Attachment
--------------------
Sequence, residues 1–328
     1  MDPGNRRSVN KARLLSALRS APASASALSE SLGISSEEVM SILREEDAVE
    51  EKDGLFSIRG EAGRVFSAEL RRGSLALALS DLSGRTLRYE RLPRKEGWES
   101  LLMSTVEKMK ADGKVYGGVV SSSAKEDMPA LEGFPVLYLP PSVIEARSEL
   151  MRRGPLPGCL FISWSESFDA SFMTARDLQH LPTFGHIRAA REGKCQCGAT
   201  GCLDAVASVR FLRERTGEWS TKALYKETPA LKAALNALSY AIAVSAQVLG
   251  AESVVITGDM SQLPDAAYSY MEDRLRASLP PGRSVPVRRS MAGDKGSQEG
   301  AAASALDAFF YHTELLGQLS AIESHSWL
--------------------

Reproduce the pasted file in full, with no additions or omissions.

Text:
Sequence, residues 1–328
     1  MDPGNRRSVN KARLLSALRS APASASALSE SLGISSEEVM SILREEDAVE
    51  EKDGLFSIRG EAGRVFSAEL RRGSLALALS DLSGRTLRYE RLPRKEGWES
   101  LLMSTVEKMK ADGKVYGGVV SSSAKEDMPA LEGFPVLYLP PSVIEARSEL
   151  MRRGPLPGCL FISWSESFDA SFMTARDLQH LPTFGHIRAA REGKCQCGAT
   201  GCLDAVASVR FLRERTGEWS TKALYKETPA LKAALNALSY AIAVSAQVLG
   251  AESVVITGDM SQLPDAAYSY MEDRLRASLP PGRSVPVRRS MAGDKGSQEG
   301  AAASALDAFF YHTELLGQLS AIESHSWL